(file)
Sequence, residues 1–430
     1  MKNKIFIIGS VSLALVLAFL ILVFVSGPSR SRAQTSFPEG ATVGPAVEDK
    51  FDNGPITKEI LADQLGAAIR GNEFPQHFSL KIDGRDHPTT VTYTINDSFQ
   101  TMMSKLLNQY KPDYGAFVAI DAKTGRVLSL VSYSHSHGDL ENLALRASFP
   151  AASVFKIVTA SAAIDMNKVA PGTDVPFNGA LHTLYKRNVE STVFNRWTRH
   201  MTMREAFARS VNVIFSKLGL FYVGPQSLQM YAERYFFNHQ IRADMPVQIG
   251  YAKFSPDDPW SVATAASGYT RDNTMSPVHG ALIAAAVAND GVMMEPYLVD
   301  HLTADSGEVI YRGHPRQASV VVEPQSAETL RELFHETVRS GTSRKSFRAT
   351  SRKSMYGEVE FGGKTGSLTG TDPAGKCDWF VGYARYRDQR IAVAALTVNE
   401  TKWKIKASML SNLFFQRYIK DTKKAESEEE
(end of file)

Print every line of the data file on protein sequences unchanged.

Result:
Sequence, residues 1–430
     1  MKNKIFIIGS VSLALVLAFL ILVFVSGPSR SRAQTSFPEG ATVGPAVEDK
    51  FDNGPITKEI LADQLGAAIR GNEFPQHFSL KIDGRDHPTT VTYTINDSFQ
   101  TMMSKLLNQY KPDYGAFVAI DAKTGRVLSL VSYSHSHGDL ENLALRASFP
   151  AASVFKIVTA SAAIDMNKVA PGTDVPFNGA LHTLYKRNVE STVFNRWTRH
   201  MTMREAFARS VNVIFSKLGL FYVGPQSLQM YAERYFFNHQ IRADMPVQIG
   251  YAKFSPDDPW SVATAASGYT RDNTMSPVHG ALIAAAVAND GVMMEPYLVD
   301  HLTADSGEVI YRGHPRQASV VVEPQSAETL RELFHETVRS GTSRKSFRAT
   351  SRKSMYGEVE FGGKTGSLTG TDPAGKCDWF VGYARYRDQR IAVAALTVNE
   401  TKWKIKASML SNLFFQRYIK DTKKAESEEE